“Un posto a Milano” (literally, “A place in Milan”), in Cascina Cuccagna, is a space that was saved from its fate. In 1966, Italian singer Adriano Celentano launched one of his most famous songs ever, “Il ragazzo della Via Gluck” (“The boy from Gluck Street”), about a place that had disappeared forever: “Là dove c’era l’erba ora c’è / una città, / e quella casa in mezzo al verde ormai / dove sarà?” (“Where there used to be grass, now there is / a city, / and that house immersed in nature / where may it be?” We feel like perhaps we have found it.
Cascina Cuccagna is one of Milan’s fifty colonial houses, property of the Municipality. The 17th-century structure – enclosed by the city as it grew and took over the ancient rural outskirts – totals 4,000 square meters including the park, and border’s with the city center, not far from Porta Romana. It was forgotten for the longest time, and has only recently re-opened to the public thanks to the hard work and generosity of a consortium of associations and cooperatives.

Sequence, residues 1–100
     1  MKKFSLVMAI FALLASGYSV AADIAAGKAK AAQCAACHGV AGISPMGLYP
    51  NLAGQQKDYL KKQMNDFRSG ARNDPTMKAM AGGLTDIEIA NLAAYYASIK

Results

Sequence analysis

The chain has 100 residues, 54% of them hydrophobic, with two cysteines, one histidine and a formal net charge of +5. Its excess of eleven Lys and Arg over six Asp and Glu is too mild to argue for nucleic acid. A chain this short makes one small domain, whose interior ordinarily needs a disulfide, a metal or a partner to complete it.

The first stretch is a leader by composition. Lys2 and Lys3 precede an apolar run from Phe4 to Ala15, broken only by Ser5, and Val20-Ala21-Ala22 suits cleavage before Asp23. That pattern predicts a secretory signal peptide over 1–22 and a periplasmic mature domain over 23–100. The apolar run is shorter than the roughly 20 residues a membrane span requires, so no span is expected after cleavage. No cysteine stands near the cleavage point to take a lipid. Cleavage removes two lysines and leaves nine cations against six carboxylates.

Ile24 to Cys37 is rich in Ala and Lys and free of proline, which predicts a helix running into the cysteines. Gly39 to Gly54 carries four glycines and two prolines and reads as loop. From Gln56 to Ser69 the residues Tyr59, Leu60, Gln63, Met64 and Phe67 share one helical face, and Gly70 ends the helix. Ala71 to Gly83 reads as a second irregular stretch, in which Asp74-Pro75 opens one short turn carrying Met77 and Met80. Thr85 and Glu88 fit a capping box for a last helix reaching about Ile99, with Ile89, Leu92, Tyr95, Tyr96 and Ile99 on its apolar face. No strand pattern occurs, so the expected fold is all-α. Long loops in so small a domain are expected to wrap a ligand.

“Un posto a Milano” is Cascina Cuccagna’s restaurant and cafeteria. In the “solitude” of “this crowded, rumbling city”, as poet Clemente Rebora defined it, this is a place where you can stop, catch your breath, and enjoy the culinary ideas chef Nicola Cavallaro comes up with, as he invents and creates dishes using simple, local, traditional ingredients.
This is a corner of nature and peace, in the chaos of the metropolis. Leaving, you may feel like singing with Celentano: “In questa strada ora lascio il mio cuore” (“In this street now I leave my heart”).
Open every day:
– From Monday to Sunday: 10 am to midnight.
– Friday and Saturday: 10am to 1am.